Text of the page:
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to step to the microphone and pose questions. please put your remarks in the form of a question. we have a lot of people and a lot of folks would want to get involved in the conversation, so let's keep ourselves focused on questions. the mic is there and there's a gentleman already. yes, sir, could i have your attention please. >> born in newark in 1946, they actually served their lives out, but dale has written some book, a father said you take a book and digest you eat it, her words. >> sir, would you pose her question. >> but i would like to say this book is amazing. >> ask the question. >> here is the idea or question, the idea or question of dale is this, newark was gifted with great corporations, college and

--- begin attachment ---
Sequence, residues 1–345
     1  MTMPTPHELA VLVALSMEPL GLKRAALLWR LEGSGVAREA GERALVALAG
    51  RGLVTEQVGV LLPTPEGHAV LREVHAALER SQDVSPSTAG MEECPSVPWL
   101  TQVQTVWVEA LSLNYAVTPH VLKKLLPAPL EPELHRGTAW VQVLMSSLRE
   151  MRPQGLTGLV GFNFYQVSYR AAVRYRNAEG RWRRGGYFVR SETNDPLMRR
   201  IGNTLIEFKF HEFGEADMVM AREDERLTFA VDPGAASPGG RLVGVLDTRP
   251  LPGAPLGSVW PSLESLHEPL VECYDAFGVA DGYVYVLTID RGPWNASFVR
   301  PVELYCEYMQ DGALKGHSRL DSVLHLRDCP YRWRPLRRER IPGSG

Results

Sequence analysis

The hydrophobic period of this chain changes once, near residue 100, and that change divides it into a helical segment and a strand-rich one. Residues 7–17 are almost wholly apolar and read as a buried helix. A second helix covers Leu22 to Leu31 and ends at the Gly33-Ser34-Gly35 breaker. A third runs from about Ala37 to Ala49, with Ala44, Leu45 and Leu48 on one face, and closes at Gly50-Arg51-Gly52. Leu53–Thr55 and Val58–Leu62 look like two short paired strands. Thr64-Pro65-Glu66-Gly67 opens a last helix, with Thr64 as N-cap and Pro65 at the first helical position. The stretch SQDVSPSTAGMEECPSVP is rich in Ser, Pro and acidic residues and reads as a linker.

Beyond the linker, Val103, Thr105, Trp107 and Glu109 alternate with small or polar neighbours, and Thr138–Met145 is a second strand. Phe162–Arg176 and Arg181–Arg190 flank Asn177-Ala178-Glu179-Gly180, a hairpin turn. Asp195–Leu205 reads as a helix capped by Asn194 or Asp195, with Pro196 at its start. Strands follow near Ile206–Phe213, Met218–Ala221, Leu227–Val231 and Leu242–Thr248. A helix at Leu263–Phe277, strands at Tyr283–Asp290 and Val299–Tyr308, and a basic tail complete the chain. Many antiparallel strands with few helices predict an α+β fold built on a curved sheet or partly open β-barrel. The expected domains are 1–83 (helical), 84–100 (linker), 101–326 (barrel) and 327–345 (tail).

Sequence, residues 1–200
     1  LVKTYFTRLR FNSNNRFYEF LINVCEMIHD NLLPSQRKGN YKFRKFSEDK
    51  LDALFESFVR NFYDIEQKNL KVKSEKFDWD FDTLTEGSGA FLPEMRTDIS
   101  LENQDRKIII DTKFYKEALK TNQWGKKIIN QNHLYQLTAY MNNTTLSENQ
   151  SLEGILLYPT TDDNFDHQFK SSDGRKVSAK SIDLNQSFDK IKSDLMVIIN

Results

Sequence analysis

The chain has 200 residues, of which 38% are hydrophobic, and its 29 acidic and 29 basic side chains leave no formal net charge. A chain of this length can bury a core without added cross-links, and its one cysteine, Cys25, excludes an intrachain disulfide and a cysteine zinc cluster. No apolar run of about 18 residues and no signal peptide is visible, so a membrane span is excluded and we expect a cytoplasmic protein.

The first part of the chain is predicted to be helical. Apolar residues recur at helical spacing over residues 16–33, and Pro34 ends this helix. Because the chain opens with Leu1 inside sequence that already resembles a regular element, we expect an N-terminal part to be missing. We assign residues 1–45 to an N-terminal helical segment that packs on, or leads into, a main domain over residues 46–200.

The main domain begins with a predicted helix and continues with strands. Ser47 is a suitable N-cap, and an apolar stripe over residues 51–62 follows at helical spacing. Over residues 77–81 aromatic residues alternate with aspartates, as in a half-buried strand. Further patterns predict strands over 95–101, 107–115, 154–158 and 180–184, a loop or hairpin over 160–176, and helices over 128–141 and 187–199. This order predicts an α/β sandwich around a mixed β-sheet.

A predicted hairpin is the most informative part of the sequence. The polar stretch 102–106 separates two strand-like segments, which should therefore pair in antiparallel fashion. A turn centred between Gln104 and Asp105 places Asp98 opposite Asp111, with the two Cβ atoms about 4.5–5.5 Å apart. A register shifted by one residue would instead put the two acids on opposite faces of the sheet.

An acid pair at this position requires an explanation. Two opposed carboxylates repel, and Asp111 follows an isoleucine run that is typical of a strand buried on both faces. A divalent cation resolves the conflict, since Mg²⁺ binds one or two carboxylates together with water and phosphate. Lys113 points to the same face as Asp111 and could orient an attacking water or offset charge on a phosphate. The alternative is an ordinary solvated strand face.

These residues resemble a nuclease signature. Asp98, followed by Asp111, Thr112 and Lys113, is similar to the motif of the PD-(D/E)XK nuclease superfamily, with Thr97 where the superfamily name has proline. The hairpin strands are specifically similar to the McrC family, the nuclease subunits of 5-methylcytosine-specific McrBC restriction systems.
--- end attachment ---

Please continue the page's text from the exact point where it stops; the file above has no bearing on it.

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universities, we are not on the same page, you can deal with what zuckerberg offers, you have to have corporations back us because if they don't i will bring goats to visit the ghost of his past so that they could see the light, we are disgrace. we have a great american city but we are not on the same page, i worked over 30 years in school -- >> sir, would you please ask your question. >> what do you think about this feeling that newrak could do so much as a great national city if all of our corporations were backing us for full programs at 3:00 o'clock using our newark youngsters at the college or universities? how about creating jobs in factories because poverty as